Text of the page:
1950 – Iran becomes the first country to accept technical assistance from the United States under the Point Four Program, a technical assistance program for “developing countries” announced by President Harry S. Truman in his inaugural address
1984 – Roman Catholic priest from Poland, Jerzy Popiełuszko, associated with the Solidarity Union, was murdered by three agents of the Polish communist internal intelligence agency
MY POD (Poem Of the Day)
~Let the invisible be seen…
As the ball of dung turns gold
See the ball bounce back & break
As beetles fly into the sun…
Tivu tivu ushpizin ila’in. Tivu tivu ushpizin ka’dishin. Tivu tivu ushpizin dim’hemnuta Tivu b’tzila de-shechina
Reader: Be seated, be seated, exalted guests. Be seated, be seated, holy guests. Be seated be seated, guests of faithfulness, be seated in the shade of the Shechina. This harvest hut, green boughs, ripe fruit, they are sweet with meaning.
All: We long for the link with each other and with our ancestors of the desert.
Reader: In the seasons of rich harvest, we gather each other in; we pause in the leafy shade in the sukkah of peace.
All: We listen inwardly; we thirst for spiritual richness; we invite the shechinah, the in-dwelling spirit of the Creator.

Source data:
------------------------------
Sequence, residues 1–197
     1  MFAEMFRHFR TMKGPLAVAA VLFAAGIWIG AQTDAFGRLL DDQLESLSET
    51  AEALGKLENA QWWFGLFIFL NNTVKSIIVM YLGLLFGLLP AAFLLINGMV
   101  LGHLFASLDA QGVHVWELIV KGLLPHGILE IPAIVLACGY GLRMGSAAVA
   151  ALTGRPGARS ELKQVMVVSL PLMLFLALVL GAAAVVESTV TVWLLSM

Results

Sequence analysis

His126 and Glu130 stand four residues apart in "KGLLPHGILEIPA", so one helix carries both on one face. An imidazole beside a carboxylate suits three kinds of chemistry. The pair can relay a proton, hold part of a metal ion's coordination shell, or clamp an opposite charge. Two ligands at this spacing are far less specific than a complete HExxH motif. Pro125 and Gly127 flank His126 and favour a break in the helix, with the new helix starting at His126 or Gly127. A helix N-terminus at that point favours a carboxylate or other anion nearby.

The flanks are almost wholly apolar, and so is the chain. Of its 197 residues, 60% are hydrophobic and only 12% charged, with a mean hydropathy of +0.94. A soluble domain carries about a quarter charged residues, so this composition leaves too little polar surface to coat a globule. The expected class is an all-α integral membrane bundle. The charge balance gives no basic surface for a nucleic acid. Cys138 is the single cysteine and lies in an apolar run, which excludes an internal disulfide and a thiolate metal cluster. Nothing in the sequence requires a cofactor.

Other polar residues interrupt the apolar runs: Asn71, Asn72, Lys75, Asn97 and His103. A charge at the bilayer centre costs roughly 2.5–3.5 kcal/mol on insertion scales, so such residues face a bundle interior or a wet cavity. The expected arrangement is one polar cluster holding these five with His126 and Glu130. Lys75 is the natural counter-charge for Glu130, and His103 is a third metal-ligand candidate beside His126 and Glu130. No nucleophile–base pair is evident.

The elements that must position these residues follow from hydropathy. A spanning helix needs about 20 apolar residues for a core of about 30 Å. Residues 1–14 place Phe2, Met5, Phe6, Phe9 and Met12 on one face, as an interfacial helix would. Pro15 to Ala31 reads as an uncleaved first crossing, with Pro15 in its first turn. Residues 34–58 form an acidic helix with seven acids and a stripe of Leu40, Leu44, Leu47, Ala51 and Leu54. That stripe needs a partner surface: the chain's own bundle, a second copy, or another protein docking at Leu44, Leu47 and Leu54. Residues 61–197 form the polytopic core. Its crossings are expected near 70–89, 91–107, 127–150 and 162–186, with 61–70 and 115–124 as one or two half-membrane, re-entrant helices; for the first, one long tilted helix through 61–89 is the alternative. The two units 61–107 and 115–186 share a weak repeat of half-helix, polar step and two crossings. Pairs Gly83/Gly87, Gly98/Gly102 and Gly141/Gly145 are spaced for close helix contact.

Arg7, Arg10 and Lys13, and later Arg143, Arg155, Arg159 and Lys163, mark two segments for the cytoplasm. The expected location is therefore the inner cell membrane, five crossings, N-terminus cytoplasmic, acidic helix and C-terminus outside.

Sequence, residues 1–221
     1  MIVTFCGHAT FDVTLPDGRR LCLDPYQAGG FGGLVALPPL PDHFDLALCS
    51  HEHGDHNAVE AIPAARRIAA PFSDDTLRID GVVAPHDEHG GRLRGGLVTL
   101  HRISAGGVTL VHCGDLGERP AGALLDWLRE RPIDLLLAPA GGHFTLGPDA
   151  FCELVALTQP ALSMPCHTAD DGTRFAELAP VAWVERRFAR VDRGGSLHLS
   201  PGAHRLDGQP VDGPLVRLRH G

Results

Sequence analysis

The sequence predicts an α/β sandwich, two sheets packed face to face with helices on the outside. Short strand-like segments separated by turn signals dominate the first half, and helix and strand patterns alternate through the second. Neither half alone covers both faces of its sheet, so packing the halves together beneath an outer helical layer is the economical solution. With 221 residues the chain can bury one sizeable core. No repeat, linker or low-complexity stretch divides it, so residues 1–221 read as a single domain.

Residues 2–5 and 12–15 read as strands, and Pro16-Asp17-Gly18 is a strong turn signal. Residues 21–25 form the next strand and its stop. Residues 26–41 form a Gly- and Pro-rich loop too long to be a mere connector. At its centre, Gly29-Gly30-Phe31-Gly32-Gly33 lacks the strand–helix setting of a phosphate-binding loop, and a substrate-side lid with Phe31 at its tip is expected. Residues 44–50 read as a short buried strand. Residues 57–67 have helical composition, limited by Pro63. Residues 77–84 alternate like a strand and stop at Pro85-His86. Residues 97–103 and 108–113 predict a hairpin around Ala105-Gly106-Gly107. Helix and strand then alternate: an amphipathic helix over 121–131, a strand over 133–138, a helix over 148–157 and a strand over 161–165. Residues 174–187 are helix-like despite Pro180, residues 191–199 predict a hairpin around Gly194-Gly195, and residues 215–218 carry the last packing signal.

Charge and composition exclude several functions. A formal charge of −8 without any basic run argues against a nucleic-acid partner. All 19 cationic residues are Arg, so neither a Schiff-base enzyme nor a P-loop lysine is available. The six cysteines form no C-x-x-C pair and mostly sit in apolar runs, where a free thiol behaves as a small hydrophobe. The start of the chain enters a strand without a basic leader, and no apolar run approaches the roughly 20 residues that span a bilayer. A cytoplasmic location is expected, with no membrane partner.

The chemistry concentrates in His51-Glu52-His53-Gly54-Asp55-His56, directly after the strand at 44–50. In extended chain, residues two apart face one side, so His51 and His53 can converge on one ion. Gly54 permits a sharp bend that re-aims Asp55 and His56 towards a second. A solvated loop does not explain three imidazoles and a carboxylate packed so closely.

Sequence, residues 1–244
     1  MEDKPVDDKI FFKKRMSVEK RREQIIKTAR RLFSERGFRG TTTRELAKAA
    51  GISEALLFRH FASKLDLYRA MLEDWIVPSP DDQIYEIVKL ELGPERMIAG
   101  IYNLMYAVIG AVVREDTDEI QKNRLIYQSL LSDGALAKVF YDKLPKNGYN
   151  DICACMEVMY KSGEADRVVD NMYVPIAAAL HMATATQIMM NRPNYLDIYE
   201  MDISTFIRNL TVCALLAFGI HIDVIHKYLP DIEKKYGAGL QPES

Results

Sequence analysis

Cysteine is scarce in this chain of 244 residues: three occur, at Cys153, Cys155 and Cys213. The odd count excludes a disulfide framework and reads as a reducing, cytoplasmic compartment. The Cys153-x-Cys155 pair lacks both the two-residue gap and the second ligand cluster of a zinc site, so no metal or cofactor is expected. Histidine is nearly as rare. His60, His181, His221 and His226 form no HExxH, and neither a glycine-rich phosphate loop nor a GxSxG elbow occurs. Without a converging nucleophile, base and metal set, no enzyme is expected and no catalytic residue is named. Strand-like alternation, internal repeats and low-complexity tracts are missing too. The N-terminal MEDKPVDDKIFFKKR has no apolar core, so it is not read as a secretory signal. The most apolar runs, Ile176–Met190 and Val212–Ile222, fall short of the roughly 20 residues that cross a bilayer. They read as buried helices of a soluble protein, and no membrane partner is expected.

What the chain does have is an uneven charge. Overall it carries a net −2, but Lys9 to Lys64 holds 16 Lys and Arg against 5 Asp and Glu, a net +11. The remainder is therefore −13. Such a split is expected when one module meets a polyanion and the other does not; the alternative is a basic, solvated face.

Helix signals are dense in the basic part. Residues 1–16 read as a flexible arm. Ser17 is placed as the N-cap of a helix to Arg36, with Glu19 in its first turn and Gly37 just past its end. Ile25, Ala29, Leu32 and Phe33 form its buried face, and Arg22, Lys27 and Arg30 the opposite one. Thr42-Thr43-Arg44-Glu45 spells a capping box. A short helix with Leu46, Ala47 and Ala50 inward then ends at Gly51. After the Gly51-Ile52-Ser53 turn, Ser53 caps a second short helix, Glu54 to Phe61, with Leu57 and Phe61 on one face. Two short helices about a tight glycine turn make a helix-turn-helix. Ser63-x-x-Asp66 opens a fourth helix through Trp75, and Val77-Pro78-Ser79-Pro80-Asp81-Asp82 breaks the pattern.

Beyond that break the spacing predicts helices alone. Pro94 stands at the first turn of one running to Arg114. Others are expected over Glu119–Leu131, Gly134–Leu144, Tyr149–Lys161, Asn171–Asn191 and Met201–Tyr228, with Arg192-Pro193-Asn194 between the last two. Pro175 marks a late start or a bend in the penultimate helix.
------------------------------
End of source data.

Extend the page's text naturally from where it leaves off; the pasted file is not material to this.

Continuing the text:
Reader: We know how fragile these shelters are. We remember Miriam unsheltered in the desert. We honor her and all our mothers, all the courageous makers of brief and loving safety–the cradle of rushes; the huppah; the hidden bunker; the sukkah; the circle of a mother’s strong arms.
All: The shelter is frail; the love is long.
Reader: We will weave our branches together. We will make each other stronger.
ALL: We shall reap in joy.
Reader: The Book of Proverbs tells us: Wisdom, Hochmah, is a woman. She has built her house, she has prepared the feast, set out the wine and called forth the people. She pours forth her spirit for us.
All: Her ways are ways of pleasantness and all her paths are peace. we shall reap in joy
Reader: She is a tree of life to those who hold her, and happy is everyone who honors her.
All: Sit, sit, honored guests. Sit, sit, wise guests. sit, sit, absent guests for whom we have waited. Sit, sit. The meal has been prepared already — this time you do not have to cook or serve.
Reader: Ushpizot is an Aramaic word meaning guests. One Sukkot custom that became popular in the Middle Ages, based on the mystical text known as the Zohar, was to invite “invisible” guests to the sukkah along with “visible” ones. Who shall we call forth this year?
May our beloved dead bless us as we send our love to them.